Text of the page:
- Lee Cooperman, a billionaire hedge fund manager, doesn’t like the way another billionaire hedge fund manager, Bill Ackman, is approaching his latest big investment.
- Ackman runs Pershing Square, an activist fund which takes positions in companies and tries to change them.
- Pershing Square is trying to shake up ADP, the human resources and payroll company.
- Cooperman has layered on criticism, saying Ackman’s approach is “destructive” and that he’s full of “chutzpah.”
Billionaire investor Lee Cooperman is stepping up his attack against fellow billionaire Bill Ackman.
In a phone call with Business Insider on Thursday, August 17, Cooperman laid out an argument against Ackman’s attempt to change ADP, charging against what he perceived as Ackman’s misguided attempt to shake up the human resources company.
“He’s conducting himself in a very destructive manner,” said Cooperman, the founder of Omega Advisors, a multi-billion New York-based hedge fund.
The human resources and payroll company ADP is under attack from Ackman’s Pershing Square, an activist hedge fund that wants to add new directors to its board and potentially swap out its CEO. Earlier this month, Pershing Square disclosed an 8% stake in ADP, sparking a testy back-and-forth between the fund and the company which handles Americans’ paychecks.
In an interview with CNBC last week, ADP CEO Carlos Rodriguez compared Ackman’s request to extend the deadline for nominating board members to “a spoiled brat in school asking the teacher for an extension for their homework.” Pershing Square has said that Rodriguez “unfairly characterized” their interactions to make the fund’s efforts “appear unreasonable.”
On Thursday, Ackman said in a conference call that ADP had underperformed its competitors and that the stock could double in five years.
For his part, it’s not the first time Cooperman has come out against Pershing Square – he did so in an interview with CNBC earlier this month, too. But the matter is clearly still top of mind.
“I’m not in the business of criticizing people, but I think this is disgraceful,” he told Business Insider Thursday, his voice rising.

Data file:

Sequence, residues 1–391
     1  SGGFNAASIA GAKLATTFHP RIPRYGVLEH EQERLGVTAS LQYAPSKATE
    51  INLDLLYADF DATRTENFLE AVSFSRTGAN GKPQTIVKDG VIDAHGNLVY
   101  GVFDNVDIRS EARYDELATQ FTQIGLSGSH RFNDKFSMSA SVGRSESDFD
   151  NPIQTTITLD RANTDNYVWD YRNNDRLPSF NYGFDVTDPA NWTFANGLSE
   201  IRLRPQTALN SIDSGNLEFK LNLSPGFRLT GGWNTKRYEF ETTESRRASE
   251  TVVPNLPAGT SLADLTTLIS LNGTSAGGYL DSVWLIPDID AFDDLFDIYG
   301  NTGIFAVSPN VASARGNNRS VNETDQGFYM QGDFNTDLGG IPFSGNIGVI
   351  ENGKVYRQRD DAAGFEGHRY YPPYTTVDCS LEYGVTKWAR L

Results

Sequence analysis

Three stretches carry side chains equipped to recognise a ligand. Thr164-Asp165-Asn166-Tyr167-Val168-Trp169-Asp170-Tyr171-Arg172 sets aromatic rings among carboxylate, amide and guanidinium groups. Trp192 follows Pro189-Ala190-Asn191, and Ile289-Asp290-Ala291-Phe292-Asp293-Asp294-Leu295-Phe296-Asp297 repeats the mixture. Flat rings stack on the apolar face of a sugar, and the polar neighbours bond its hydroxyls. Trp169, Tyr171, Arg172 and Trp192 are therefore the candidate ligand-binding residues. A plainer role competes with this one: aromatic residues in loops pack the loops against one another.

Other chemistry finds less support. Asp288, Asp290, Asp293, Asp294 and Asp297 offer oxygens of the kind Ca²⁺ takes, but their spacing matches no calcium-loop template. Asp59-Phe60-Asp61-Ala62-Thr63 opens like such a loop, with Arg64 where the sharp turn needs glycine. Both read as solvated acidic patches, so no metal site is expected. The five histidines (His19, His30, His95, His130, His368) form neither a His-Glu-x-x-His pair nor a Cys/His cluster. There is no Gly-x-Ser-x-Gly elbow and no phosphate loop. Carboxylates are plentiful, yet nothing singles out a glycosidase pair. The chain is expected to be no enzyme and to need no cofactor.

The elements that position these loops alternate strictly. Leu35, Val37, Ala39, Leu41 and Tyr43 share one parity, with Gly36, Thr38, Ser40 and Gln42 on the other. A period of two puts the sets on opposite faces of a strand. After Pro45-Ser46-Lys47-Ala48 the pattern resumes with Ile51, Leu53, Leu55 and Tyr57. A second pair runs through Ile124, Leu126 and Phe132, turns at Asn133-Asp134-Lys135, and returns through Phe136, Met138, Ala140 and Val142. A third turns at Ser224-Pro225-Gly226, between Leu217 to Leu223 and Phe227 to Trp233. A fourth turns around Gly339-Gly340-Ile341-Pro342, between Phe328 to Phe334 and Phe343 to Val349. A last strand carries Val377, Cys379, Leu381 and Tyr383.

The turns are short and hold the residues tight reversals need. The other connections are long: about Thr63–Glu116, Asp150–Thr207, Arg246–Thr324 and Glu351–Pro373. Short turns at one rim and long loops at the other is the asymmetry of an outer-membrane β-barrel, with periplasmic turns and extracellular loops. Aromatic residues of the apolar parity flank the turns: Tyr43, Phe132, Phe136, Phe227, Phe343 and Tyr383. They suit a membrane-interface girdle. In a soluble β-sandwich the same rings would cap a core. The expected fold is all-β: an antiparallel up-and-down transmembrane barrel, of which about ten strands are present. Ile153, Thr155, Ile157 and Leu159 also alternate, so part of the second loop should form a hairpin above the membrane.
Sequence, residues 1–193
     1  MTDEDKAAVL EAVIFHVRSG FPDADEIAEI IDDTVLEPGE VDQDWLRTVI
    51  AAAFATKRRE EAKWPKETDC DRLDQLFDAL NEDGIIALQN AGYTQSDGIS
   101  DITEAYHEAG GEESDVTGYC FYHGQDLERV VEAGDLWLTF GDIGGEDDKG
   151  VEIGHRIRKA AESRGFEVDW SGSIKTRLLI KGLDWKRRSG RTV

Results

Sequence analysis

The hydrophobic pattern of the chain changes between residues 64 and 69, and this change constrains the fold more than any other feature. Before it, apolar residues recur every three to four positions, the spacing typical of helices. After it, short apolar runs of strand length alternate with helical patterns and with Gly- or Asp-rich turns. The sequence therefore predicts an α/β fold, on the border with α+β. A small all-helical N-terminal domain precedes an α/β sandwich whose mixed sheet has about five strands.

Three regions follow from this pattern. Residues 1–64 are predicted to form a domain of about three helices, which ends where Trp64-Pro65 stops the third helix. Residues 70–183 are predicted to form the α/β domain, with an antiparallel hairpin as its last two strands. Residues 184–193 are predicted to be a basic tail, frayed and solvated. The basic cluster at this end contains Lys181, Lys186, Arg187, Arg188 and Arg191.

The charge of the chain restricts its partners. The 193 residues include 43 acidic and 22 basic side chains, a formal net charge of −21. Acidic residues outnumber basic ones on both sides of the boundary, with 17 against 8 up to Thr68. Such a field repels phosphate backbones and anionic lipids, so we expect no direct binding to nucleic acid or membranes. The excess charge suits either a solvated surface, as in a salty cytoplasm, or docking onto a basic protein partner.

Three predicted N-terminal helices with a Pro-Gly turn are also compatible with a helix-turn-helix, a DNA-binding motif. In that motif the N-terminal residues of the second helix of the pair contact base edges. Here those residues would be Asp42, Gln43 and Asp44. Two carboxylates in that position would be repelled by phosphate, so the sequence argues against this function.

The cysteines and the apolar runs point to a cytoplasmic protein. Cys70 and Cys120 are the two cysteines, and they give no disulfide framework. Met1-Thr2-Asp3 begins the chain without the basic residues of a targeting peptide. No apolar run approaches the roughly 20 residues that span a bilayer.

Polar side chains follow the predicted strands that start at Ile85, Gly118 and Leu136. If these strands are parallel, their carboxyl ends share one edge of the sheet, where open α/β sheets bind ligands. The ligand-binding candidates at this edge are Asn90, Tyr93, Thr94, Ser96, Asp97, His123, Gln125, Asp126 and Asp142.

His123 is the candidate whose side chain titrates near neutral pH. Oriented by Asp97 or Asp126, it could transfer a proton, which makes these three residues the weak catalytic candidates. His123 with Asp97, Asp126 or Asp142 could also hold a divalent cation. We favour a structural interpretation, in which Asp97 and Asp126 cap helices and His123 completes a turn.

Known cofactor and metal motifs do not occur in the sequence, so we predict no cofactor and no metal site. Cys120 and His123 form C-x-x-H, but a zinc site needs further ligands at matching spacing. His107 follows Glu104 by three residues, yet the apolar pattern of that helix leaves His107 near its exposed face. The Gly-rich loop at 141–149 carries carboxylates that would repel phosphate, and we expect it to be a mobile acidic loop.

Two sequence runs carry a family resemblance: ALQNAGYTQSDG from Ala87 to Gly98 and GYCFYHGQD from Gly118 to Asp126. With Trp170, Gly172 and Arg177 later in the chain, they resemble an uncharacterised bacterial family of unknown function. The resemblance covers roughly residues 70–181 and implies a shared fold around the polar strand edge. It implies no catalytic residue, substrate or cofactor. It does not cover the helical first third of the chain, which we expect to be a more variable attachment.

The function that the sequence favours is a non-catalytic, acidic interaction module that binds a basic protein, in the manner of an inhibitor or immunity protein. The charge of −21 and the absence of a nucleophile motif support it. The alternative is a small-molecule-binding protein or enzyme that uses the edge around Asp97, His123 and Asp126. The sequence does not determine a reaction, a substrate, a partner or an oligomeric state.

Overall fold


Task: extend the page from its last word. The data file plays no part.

“I’m not in the business of criticizing people, but I think this is disgraceful.
“I think his conduct is irresponsible. There’s a way of dealing with it; he could have quietly presented his findings to the company, allow them to digest it. The company has been run as an open book.”
Ackman casts a “negative aspersion” on the hedge fund industry, he added.
A representative for Ackman declined to comment.
Fast-talking Cooperman listed off a litany of issues he saw with Pershing Square’s attempt to shift ADP, often repeating personal attacks on Ackman.
“He’s a hot dog trying to create maximum publicity without regard for the implications to management and the costs involved with this proxy fight,” Cooperman said.
“He’s a hot dog trying to create maximum publicity.
Cooperman, who previously served on ADP’s board, said he had given his shares to charity. He commended ADP for its value proposition and for its management.
ADP, he said, was worth about $10 million in the early 1960s and had steadily added value, worth about $60 billion today. “There are very few companies that can sustain that,” he said.
“I don’t have a strong opinion on the merits of his view,” Cooperman said of Ackman’s investment thesis. “I have a strong opinion on his comportment and civility.”
“He makes a big deal that he spoke with 85 former executives,” Cooperman said. “I know for a fact the last three CEOs have not spoken with him.”
Earlier on Thursday, Pershing Square presented its thesis on ADP. When asked what he thought about it, Cooperman said: “You don’t follow what the f— I’m saying,” his voice rising. “I’m talking about the merits of his conduct.”
Cooperman said he didn’t listen to Pershing Square’s presentation this morning, as he was traveling on a plane.
Cooperman also brought up that Ackman had asked for an extension of the deadline to nominate board directors, which led to a contentious back and forth between ADP and Pershing Square.
Bill Ackman, chief executive of Pershing Square.Reuters / Richard Brian“He shows up and says he’s studied the company for six months. Why does he wait for the last minute for an audience with the board?” Cooperman said, adding, “The company is right. Who does he think he is? Given the company’s performance, if he was constructive, he should have waited a year … the company runs an open door policy … they’d have been happy to hear what he had to say … He has chutzpah to ask them to extend the window.”
Cooperman contacted Business Insider in response to a report earlier Thursday about an ADP board director whose position at Columbia Business School, which receives money from Pershing Square, poses a potential conflict. Cooperman took issue with the relationship being described as a conflict, calling it “bulls–t.” When Business Insider responded that three academics in the story had described the relationship as such, he said, “you shouldn’t feed that bulls–t.”